10 out of 34 ain’t bad. The National Gallery in Washington offers a once in a lifetime opportunity to see 30% of Vermeer’s work — for free.
The luxury of having 10 Vermeer paintings in one room cannot be understated. Imagine that you got free tickets to a concert headlined by Kanye West, Beyonce, Rihanna, Taylor Swift, Katy Perry and, say, the Rolling Stones. That is the closest analogy one can attempt to draw.
To see these paintings hanging in their home museums would require round trip airfare to Europe, lodging costs and sharply priced admission tickets. An American could expect to spend somewhere in the neighborhood of $2000 just to see the single Vermeer at the National Gallery of Ireland.
The last time a group of this size assembled in one location was in the mid-90s also at the National Gallery in D.C. During that time it was actually closed for a few weeks because of the U.S. government shutdown at the time. Thank you, Congress.
Comprehensive exhibitions of this nature rarely come together. Its not simply a matter of artistic bureaucracy or expense either. Flying these pieces around the world opens up incredible risks, from potential damage in travel to increased possibility of theft.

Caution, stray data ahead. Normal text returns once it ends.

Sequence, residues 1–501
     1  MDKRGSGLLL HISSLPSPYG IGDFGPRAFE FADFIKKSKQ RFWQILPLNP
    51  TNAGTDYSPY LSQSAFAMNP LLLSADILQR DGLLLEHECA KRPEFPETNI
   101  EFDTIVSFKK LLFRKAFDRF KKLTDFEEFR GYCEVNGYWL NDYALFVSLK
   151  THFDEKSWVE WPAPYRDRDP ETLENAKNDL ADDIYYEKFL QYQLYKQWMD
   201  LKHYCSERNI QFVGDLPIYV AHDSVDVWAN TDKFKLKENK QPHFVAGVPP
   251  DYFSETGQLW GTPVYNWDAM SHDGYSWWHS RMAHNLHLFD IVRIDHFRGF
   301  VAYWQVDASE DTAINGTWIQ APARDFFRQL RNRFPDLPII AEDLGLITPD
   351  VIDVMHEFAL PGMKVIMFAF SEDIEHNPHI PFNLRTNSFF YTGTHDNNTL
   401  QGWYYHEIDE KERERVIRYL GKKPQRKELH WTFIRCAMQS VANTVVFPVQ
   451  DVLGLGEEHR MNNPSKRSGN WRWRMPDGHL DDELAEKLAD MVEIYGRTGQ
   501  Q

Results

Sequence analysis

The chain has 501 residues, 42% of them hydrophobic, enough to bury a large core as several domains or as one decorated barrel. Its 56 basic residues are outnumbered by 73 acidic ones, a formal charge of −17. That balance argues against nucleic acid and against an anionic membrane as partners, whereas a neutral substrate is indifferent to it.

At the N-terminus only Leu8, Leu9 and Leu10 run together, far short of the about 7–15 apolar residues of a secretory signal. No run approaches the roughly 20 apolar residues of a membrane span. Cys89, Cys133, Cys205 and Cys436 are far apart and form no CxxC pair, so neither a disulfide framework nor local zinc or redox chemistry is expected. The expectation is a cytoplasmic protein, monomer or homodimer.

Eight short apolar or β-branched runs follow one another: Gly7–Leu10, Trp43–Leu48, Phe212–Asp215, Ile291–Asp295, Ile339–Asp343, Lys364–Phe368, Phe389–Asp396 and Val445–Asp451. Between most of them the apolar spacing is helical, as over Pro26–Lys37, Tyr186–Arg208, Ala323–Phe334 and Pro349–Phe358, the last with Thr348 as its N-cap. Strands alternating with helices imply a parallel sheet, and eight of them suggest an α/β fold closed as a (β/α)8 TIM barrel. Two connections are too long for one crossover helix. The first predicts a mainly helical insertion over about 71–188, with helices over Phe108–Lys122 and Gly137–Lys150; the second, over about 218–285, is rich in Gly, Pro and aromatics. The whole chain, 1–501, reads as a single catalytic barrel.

There are only 35 Vermeer paintings in existence and they’ve had a rough time of it.
The Astronomer spent World War II hidden in a Nazi salt mine turned stolen art cache. While it avoided major damage, the painting bears the scars of the ordeal in the form of a black swastika still stamped on the back.
The Lady Writing a Letter to Her Maid was stolen not once, but twice. The first time by IRA members, the second time but your run of the mill gangsters. The National Gallery of Ireland only got it back in 1993 during an international sting operation.
The Isabella Stewart Gardner museum housed Vermeer’s The Concert until it disappeared in one of the most famous museum heists in history. Despite the multi-million dollar reward, it has yet to be returned.
The National Gallery also has The Love Letter on display for the exhibition. This piece was actually stolen while on loan to another museum in the 1970s. It’s a testament to its owners at the Rijkmuseum in Amsterdam that they’ve ever let it out of their sight again.
With this kind of track record its understandable that most museums hesitate to let their Dutch treasures go zooming around the globe. But, the results do justify the immense risk. Head to National Gallery to them for yourself before they disappear — or just return to their institutions of origin in January.